Metro Transit’s director of light rail and commuter rail projects, Mark Fuhrmann, is retiring from his post at the agency on Aug. 14 to begin a new job as associate vice president for HDR Engineering.
Fuhrmann will serve as HDR’s program director for New Starts projects for the Northern Indiana Commuter Transit District (NICTD), which operates commuter rail service between South Bend, Ind., and Chicago’s Millennium Station.
Metro Transit and Metropolitan Council officials said in a statement that they recognize Fuhrmann as the person responsible for the region’s 62 miles of passenger rail.
“I can’t imagine how we would have built the Blue Line, Green Line and Northstar commuter rail without Mark’s dogged determination, intelligence and extraordinary professionalism,” said Susan Haigh, who was council chair when the Green Line opened, and when preliminary engineering began on Southwest LRT. “He persevered through the most challenging political conversations imaginable and was always been a beacon of integrity for me.”
Metro Transit General Manager Brian Lamb, Fuhrmann’s supervisor, announced the news of the retirement to staff “with great appreciation – and a healthy dose of sadness.”
“With his departure, he hands off projects that are ready to enter construction. Both Blue and Green Line extensions are rated by the Federal Transit Administration as “medium high” and deserve to secure Full Funding Grant Agreements soon. He has expertly guided those projects to their current point,” Lamb said.
Fuhrmann’s debut into public service took place in the summer of 1981, when he interned with the Metropolitan Parks and Open Space Commission.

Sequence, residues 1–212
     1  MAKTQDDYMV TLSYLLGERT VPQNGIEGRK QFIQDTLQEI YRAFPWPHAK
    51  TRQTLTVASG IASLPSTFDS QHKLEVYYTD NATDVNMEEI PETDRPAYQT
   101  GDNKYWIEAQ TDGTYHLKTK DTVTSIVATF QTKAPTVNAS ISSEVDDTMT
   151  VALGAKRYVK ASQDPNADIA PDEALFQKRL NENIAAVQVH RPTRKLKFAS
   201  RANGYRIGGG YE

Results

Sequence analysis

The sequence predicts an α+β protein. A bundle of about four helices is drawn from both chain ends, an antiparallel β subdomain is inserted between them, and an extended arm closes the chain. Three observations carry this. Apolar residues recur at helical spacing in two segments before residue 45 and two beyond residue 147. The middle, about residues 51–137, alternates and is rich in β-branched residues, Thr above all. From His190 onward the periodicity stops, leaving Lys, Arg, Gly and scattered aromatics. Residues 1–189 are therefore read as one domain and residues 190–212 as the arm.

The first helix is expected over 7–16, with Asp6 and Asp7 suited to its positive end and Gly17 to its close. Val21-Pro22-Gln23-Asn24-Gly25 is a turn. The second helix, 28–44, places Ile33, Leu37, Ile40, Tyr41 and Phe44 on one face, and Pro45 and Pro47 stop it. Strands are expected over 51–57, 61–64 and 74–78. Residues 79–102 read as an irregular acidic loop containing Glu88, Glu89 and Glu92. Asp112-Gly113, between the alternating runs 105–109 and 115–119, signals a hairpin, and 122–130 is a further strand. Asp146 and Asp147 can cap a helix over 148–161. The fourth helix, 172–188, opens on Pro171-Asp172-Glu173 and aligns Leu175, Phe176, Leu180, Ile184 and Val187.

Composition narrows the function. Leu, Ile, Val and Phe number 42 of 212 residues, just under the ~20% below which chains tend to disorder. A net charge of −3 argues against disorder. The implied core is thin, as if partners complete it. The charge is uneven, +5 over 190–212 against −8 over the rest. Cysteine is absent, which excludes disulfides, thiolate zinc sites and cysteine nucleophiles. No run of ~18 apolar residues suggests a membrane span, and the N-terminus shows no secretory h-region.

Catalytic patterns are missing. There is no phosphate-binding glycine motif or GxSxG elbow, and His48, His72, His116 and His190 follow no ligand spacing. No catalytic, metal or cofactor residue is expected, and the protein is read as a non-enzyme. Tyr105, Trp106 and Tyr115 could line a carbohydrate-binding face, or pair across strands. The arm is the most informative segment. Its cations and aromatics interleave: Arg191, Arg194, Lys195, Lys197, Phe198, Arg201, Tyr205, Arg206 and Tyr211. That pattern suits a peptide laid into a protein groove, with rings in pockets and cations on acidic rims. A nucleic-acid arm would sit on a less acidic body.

After finishing his graduate studies in planning at the University of Minnesota, Fuhrmann worked for a private bus company.
Fuhrmann then moved to Washington, D.C., to work on the build-out of the Metro system from 1985 to 1993. His assignment was in northern Virginia, where he worked on the opening of three Metro extensions and the introduction of the first two commuter rail lines in northern Virginia, the Virginia Railway Express.
He returned to Minnesota eight years later to work for the Metropolitan Council’s transportation division.
“Initially, rail discussions were not positive,” Fuhrmann noted. “Then in 1998, Governor Arne Carlson and the legislature decided to approve the first installment of $40 million in funding for Hiawatha.”
Fuhrmann eventually became project director of the Metro Blue and Green Lines and Northstar Commuter Rail Line when they were in the engineering and construction phases. The Minnesota Public Transit Association also recognized him as the state’s 2014 Transit Professional of the Year.
“Twenty years later, we have three rail lines in revenue service that have served over 190 million passengers, and the two LRT extensions are well positioned to secure federal funding and go into construction soon,” Fuhrmann said.
Fuhrmann noted a career highlight from 2014, when he gave President Barack Obama and Transportation Secretary Anthony Foxx a tour of the Green Line’s operations and maintenance facility.
“I was deeply honored to be asked to host the president and secretary. I still pinch myself that that actually happened,” he said.
Another highlight of his career took place in 2001, when he gave Gov. Jesse Ventura a tour of the Hiawatha LRT Project Office.
NICTD has two New Starts projects that Fuhrmann will oversee from Chesterton, Ind. One is West Lake, a nine-mile extension of the South Shore Line between Hammond and Dyer, Ind., in western Lake County. The second is the Double Track Project, which will install a double track where there is presently a single track that lies between Gary and Michigan City.
“I recognized at the Council’s 50th anniversary celebration earlier this year that 2018 was my 25th year anniversary with the Council,” Fuhrmann said. “I have seen a lot of great things for the last 25 years of the Council’s existence. It made me reflect maybe there are some new challenges and opportunities out there that I should explore.”
“I am going to miss the dedication of all my colleagues and the friendship of working with them all these years as we all worked with one purpose in mind: to build out the METRO system here in the Twin Cities,” he added.
Metro Transit said Fuhrmann’s parting words to his colleagues were: “Communicate, collaborate and coordinate with all the stakeholders – political, community and staff.”